Re: getting through teething
my son is 16 months and he has about ten teeth. they came very slowly and then they all started coming in. he is teething now, actually. really for me there wasn't much of a difference other than increased nursing at night. yes he has bitten me but he is doing it for a reaction, the little stinker! so from my experience, every child is different and you won't really know until you get there. i often look to other cultures for answers....would another culture still be feeding their young if they were teething? yes, but i realize this approach doesn't work with everyone. good luck!
Re: getting through teething
Honestly, in all my experience (-thus far), I have never had a situation with either of my sons where teething interfered with breastfeeding.
Whenever a person asks me "oh, doesn't he bite you?---Now that he has teeth?" (ref. to my now 21 month old)
I say "no...(?)" .
Usually the question is posed by women who have never breastfed.
Some bottle-feeding mothers have told me that they feared being bitten, (...among other things) so they did not breastfeed.
A few women started breastfeeding, but weaned early because of that very fear.
Each of my boys may have bitten me in a "playful" way, or to test my reaction, but this only happened once or twice, and was not associated with teething (...they simply looked up at me with bright eyes and smirky faces while pinching my nipple between their teeth.:p )
On those rare occasions,I of course gave a gently stern "NO, that's Ouchie!-Please don't hurt mama" . Each boy seemed to take it to heart, and neither persisted.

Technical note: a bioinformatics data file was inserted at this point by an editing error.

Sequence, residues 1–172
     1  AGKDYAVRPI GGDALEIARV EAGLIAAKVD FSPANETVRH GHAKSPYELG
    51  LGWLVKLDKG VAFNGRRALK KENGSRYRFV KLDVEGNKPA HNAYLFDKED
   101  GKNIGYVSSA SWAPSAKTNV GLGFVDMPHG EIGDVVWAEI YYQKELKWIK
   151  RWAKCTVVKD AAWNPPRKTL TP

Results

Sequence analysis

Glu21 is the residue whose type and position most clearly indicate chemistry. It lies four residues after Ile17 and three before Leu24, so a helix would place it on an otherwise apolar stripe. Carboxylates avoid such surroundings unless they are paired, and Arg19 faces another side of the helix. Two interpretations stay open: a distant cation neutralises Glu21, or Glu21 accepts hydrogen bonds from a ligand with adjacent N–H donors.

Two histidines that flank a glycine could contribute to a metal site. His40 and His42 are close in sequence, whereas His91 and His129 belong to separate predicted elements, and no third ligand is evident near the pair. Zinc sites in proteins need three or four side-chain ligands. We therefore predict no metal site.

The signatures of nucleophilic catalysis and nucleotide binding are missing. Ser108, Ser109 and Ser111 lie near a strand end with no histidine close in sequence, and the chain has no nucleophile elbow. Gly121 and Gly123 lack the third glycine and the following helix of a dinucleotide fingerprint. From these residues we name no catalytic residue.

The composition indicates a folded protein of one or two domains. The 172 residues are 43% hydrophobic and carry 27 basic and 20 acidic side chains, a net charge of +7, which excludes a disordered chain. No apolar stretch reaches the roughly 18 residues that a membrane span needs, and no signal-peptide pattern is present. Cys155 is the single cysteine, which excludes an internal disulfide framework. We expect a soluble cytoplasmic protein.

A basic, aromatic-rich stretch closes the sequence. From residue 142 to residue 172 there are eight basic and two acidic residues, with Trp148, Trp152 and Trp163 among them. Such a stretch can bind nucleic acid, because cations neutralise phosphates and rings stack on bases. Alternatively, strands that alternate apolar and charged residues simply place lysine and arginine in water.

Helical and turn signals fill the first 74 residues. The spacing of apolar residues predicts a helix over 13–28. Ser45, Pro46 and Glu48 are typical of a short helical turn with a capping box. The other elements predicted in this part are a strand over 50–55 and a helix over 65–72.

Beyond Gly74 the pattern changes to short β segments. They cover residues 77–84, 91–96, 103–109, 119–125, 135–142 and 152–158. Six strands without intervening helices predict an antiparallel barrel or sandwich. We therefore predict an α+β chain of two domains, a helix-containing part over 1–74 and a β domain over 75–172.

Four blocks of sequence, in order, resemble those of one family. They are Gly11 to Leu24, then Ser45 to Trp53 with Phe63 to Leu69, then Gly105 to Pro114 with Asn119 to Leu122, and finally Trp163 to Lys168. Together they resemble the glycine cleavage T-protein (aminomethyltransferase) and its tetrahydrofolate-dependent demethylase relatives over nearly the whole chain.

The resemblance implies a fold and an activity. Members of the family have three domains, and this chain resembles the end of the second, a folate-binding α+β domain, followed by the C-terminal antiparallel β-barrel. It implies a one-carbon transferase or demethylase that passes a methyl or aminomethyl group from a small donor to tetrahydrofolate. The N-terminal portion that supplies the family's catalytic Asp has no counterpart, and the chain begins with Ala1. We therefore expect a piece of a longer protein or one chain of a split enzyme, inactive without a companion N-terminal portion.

Perhaps some nursing mothers have experienced ongoing problems with teething/biting...however, it is hard for me to imagine a baby could maintain a good latch WHILE biting...
I can't imagine this being cause for weaning, but that is just me...
Perhaps you should not assume/anticipate teething related "biting" issues an unavoidable hazard of nursing. Maybe if you simply "go with the flow", breastfeed for as long as you can, and wait and see what happens...you may be pleasantly surprised!
...It would be such a shame to quit nursing prematurely merley to avoid a "potential" issue that probably won't even come to pass! And, as you have read in the other posts from these fantastic women, --even those who had a bump (or a gnaw or a chomp) along the way, when it does happen,it is a phase that does not last forever. With love and dedication and a bit of patience it can be overcome. It is definitely WORTH the effort. Worth it for mother and baby.
Let things happen naturally and address issues as they occur, would be my advice.
I did just that, and will always cherish the 2&1/2 years I nursed my first son.
I plan on nursing my second ALSO for as long as I can/ as long as he needs me.
Nursing a toddler is a wonderful experience for both mother and child, and I feel so sad that some mothers and babies miss out on that ---due, in part, to unnecessary fears, anxieties, (and in some cases paranoia)-- about all the "what ifs"...